A few cartons of Birds Eye frozen cod fillets sit in the freezer of a small house in southern Nevada, US. It’s 4 in the morning. Suddenly, an agonisingly bright light sears through the kitchen – a 39 kiloton nuclear bomb has detonated just 400 metres away…
Question:What happens to the cod fillets?
We are in a good position to make an informed guess, thanks to a US Govt. experimental study which empirically tested that very scenario. At 4:10 am May 5th, 1955, a nuclear bomb assigned to ‘Operation Cue’ (a.k.a. ‘Apple-2’) was detonated at Area 1 of the Nevada Test Site. Packs of frozen cod fillets, along with frozen chicken pot pie, frozen french fried potatoes, and other chilled foods were exposed to the effects of the bomb at distances of 1270, 2750, 4700 and 10,500 feet from ‘Ground Zero’. The subsequent report into their post-blast condition, which was written by consultant Herman P. Schmitt, found that :
“Frozen food samples from the stations at 1270 and 2750ft were found to be definitely radioactive, particularly the cod fillets.”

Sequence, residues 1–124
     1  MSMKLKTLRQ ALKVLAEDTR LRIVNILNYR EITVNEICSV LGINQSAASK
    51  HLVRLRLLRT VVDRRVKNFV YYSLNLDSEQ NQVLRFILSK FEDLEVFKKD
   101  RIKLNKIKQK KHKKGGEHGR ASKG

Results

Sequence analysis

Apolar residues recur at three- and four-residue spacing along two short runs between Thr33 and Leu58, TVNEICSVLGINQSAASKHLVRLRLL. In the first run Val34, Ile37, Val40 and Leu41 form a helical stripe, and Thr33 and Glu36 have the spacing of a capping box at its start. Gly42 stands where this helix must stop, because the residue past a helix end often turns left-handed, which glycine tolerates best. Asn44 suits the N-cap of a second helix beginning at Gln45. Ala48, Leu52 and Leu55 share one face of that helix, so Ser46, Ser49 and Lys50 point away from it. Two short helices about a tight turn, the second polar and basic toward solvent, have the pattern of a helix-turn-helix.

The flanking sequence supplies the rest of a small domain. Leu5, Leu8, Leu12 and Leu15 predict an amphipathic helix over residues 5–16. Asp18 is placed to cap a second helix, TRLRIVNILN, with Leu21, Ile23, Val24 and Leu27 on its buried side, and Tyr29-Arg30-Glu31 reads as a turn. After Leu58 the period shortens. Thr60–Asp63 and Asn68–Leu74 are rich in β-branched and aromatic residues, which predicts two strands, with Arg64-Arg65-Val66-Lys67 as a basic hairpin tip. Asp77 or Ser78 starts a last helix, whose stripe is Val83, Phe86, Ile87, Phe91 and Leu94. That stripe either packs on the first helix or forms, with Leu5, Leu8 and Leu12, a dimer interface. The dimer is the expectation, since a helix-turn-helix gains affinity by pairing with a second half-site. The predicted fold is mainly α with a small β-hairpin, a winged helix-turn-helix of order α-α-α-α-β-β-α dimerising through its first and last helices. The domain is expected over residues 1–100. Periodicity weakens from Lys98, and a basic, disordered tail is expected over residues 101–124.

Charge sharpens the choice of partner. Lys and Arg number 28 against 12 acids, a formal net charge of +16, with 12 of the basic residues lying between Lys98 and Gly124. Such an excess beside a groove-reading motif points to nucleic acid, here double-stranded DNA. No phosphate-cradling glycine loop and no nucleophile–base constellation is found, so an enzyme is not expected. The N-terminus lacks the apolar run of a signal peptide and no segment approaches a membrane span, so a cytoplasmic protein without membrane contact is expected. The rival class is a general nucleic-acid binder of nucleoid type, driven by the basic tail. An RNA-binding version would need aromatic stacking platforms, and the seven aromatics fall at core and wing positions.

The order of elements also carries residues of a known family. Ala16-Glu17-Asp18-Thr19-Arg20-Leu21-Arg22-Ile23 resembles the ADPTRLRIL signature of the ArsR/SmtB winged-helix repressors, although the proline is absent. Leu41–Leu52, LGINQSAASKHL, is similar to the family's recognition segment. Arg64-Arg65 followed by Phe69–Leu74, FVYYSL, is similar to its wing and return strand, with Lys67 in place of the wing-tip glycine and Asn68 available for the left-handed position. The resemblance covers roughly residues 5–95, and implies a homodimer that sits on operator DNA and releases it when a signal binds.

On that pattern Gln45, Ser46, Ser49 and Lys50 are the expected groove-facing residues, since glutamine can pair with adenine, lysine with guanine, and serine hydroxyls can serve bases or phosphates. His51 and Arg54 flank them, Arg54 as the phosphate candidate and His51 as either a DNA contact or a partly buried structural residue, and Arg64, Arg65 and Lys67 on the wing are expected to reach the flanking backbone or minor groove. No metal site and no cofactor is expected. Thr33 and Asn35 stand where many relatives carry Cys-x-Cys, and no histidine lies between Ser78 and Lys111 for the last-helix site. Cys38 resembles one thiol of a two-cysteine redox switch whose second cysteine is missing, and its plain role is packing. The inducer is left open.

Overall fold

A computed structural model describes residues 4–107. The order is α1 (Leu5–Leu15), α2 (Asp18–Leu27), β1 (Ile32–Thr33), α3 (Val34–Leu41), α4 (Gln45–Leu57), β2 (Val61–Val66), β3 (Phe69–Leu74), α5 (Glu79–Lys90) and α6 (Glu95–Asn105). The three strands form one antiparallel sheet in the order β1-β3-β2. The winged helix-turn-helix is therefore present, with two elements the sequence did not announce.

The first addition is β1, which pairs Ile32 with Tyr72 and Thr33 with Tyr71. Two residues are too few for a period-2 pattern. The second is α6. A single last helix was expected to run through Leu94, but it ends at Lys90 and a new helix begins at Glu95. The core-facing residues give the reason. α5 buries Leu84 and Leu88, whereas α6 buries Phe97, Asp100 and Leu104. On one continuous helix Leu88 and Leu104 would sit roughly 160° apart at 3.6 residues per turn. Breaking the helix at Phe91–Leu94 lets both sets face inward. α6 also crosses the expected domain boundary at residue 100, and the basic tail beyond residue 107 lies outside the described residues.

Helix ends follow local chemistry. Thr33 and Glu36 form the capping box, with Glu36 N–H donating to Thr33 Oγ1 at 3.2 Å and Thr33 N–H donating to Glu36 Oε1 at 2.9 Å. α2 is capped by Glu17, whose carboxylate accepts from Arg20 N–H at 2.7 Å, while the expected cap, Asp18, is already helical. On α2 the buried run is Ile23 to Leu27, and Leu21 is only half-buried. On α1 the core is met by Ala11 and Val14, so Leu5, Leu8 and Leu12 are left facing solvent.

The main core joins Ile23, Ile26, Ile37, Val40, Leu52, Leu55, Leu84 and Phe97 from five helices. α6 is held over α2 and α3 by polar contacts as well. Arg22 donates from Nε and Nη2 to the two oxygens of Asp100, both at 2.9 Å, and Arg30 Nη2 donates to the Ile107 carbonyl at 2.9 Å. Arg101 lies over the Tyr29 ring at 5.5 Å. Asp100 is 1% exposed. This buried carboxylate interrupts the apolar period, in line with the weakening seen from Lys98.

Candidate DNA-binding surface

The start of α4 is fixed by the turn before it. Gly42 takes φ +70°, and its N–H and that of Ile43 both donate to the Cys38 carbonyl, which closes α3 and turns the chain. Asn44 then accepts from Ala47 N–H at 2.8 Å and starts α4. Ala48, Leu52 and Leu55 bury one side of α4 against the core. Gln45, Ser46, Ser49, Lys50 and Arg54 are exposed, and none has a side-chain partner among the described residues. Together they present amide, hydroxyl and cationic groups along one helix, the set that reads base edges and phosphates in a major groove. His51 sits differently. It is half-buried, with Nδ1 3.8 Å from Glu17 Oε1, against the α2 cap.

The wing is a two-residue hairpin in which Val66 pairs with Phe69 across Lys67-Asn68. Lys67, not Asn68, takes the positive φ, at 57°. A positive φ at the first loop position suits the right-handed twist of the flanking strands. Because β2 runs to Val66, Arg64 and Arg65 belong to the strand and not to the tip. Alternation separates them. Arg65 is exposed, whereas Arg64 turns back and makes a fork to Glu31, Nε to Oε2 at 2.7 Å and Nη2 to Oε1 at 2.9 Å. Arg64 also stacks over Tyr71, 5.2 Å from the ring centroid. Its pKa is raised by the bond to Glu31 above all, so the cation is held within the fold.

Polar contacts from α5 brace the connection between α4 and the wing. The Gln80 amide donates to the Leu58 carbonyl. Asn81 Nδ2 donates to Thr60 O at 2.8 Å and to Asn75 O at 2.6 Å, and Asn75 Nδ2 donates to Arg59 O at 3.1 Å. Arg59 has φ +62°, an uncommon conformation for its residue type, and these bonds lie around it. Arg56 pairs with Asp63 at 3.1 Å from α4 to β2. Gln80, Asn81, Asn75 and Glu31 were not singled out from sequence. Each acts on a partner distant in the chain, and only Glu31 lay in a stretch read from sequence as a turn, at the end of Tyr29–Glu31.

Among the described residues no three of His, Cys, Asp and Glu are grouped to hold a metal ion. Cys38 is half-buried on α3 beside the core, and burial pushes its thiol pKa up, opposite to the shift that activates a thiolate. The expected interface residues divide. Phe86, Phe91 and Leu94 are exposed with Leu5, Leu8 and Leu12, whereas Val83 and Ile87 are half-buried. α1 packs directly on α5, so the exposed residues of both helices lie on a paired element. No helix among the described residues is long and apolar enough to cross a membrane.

Nevertheless* they were ;
“Tasted by a panel of quality-control experts and executives of the frozen-food industry at the Town House in Los Angeles on May 10, 1955.”
“Recovered samples were found to be free of physical and thermal damage. Kinaesthetic evaluations proved the retention of flavor, color, appearance and texture.“
The report did note though that radioactively ‘hot’ frozen cod fillets should probably only be consumed in an emergency situation.
The official document can be read in full here : EFFECTS OF NUCLEAR EXPLOSIONS ON FROZEN FOODS
BONUS . . .
A public information video (which somehow combines the look-and-feel of a propaganda exercise with a surrealistic art-movie) documented Operation Cue, and can be viewed here:
*  The report does not forget to thank the team which tasted the radioactive samples :
“A vote of tribute is accorded all these fine people for their splendid services to a project undertaken in the public interests and for the national defense.”
 Improbable checked, but Birds Eye really doesn’t have an apostrophe – the firm was named after its founder, Mr. Clarence Frank Birdseye II